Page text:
A press release from Greenpeace NZ on the last of the oil giants to leave NZ,
Austrian oil giant OMV has announced that it’s indefinitely postponing its last remaining oil and gas exploration plans in the Taranaki Basin.
Greenpeace is claiming “a win of generational significance” that signals an end to offshore oil exploration in New Zealand.
This one is easier than other examples of how covid brings an opportunity to make the changes that we’ve been desperately needing to make. An end to oil exploration has been high on the activist agenda for a while, because it makes our immediate environment safer, but also because it opens the door for NZ to transition to a post-carbon society.
If we are saying no more oil, then it’s on us to walk our talk and reduce our dependence on oil imports now. We can’t really say no oil exploration here but we’re ok with other countries taking the risks.
So how can we do this?
Greenpeace again, pointing out that we can make fast change and adapt when we have to,
“Now is the time to reimagine and rebuild the world we want so that when we come out the other end of this crisis, we are living in a more resilient Aotearoa. This starts with a rapid transition away from fossil fuels, and towards a society powered by clean, renewable energy.”
In light of the Government’s post-Covid economic recovery plan, Greenpeace has produced a Green Covid Response package and presented it to Government Ministers.
We can sign the petition to government here.
From the Green Covid Response,
We currently face three simultaneous crises in Aotearoa New Zealand: the Covid-19 pandemic and an associated economic downturn, rising inequality, and a worsening climate and ecological crisis. As the Government turns its attention towards the long-term project of economic recovery, we urge you to plan a response that protects us from the impacts of climate change and lifts up workers and vulnerable communities.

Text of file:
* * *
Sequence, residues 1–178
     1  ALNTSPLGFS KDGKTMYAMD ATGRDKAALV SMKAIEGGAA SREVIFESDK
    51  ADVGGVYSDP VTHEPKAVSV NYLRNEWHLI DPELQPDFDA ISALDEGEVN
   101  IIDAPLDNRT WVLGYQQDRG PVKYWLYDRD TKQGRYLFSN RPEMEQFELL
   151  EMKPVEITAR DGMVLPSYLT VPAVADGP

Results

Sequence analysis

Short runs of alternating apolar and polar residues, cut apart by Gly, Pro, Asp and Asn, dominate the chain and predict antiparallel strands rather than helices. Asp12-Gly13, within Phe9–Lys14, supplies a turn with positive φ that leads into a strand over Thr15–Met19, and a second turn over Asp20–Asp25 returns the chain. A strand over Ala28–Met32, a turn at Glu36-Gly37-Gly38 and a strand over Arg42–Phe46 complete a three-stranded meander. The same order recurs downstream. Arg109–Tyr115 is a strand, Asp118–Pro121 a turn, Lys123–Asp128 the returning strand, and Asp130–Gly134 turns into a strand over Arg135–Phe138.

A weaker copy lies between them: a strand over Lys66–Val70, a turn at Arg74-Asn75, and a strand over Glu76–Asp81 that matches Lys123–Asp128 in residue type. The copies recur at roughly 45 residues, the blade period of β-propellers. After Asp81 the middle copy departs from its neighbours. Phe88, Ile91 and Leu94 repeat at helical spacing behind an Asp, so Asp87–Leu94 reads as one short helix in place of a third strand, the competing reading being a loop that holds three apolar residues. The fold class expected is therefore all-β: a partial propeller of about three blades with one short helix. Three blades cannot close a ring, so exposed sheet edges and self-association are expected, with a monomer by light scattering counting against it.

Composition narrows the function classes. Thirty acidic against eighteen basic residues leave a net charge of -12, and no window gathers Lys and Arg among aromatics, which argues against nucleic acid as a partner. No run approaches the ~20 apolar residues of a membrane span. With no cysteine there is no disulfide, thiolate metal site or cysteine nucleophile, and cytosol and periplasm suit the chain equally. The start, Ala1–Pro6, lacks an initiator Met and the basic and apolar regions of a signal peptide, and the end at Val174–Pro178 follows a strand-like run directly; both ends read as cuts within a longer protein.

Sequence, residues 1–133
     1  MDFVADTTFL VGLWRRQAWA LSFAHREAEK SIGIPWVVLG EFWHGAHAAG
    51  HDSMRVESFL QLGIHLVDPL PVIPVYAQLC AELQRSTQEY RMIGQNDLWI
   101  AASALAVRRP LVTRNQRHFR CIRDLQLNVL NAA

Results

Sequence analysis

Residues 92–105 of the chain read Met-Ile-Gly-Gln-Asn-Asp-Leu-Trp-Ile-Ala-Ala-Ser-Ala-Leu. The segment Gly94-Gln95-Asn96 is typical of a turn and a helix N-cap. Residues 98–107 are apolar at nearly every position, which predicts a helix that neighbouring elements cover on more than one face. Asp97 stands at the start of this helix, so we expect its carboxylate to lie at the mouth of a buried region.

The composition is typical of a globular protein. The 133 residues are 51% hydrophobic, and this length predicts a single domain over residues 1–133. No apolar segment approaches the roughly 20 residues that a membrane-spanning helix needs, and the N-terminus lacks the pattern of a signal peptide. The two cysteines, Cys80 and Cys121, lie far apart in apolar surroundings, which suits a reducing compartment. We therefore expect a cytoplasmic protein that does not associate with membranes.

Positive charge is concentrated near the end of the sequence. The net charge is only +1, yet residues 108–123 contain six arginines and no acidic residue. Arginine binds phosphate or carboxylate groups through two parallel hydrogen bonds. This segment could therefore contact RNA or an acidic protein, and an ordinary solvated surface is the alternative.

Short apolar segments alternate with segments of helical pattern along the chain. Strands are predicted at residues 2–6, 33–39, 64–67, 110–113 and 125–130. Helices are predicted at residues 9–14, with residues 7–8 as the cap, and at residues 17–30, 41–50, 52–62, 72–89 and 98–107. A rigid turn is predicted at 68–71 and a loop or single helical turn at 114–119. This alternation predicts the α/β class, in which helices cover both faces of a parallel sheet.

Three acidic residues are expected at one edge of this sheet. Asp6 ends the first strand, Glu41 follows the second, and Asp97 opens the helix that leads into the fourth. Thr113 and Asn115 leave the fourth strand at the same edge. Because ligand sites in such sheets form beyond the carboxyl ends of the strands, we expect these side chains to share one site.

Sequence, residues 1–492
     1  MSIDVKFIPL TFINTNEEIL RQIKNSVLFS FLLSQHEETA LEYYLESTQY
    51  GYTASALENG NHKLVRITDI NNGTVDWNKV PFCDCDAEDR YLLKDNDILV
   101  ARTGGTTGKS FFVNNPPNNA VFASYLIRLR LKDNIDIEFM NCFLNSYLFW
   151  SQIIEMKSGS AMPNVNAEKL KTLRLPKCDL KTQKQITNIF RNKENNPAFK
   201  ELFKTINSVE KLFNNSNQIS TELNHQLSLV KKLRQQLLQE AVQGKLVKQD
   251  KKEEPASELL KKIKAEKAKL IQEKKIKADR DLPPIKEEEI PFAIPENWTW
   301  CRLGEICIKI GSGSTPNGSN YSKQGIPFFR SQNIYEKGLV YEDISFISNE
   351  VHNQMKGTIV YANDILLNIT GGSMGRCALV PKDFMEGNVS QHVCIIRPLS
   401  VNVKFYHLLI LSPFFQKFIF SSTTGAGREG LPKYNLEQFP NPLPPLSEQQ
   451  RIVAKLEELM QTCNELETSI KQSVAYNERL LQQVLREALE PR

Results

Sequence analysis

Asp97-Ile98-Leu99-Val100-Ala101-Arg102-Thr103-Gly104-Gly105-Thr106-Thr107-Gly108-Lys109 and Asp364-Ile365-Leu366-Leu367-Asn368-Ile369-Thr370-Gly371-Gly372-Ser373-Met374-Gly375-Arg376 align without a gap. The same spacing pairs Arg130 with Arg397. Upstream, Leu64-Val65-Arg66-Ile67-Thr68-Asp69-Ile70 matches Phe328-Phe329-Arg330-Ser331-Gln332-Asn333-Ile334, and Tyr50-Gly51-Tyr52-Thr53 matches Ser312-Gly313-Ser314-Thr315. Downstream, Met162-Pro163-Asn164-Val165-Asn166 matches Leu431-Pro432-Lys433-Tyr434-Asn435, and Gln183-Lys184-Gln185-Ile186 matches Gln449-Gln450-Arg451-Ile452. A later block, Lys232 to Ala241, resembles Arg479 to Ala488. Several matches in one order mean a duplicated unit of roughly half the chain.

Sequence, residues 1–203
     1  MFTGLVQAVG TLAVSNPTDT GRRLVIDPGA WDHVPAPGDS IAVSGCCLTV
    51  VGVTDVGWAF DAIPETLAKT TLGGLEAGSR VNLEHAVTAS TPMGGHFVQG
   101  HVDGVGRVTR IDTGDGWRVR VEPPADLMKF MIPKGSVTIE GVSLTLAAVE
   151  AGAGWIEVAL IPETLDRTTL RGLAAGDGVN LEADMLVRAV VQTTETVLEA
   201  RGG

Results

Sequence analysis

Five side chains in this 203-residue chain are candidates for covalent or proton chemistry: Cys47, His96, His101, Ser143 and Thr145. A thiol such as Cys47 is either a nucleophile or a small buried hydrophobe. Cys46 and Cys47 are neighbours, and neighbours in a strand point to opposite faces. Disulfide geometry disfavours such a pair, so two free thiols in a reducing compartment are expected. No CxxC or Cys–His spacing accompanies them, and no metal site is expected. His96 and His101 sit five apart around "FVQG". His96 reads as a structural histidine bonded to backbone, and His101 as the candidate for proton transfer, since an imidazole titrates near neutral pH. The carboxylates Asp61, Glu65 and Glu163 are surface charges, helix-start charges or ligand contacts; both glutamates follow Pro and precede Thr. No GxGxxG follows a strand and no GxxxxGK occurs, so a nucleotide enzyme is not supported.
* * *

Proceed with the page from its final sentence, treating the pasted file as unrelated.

Greenpeace talks about the unprecedented opportunity to prevent catastrophic climate change, make New Zealand more resilient to extreme weather events, and transition society to a regenerative model for ecological, and social/economic well being.
In this paper, we outline a collection of solutions that fall under the banner of a “green stimulus”, providing jobs and boosting economic activity whilst fast-tracking much-needed projects to restore the natural world we depend on. These include:
Immediate shovel-ready projects to prioritise
- Providing finance and support for home insulation and heat pumps.
- Fast-tracking fencing and planting of on-farm waterways with Government finance.
- Attaching strict, science-aligned decarbonisation, biodiversity enhancement and workers’ rights conditions to corporate bailouts.
- Introducing a Universal Basic Income.
Priority investments for the long-term wellbeing of Aotearoa
Good stuff. Full details of the Green Covid Response and petition to sign are here.
To which I would add a few things from further out on the regen/sustainability/resiliency edge,
Greenpeace ends by acknowledging they don’t have all the answers and encouraging the bringing of all good ideas to the table. So have at it Standardistas. Check out the Green Covid Response, pick out your areas of interest and bring your good ideas to the table.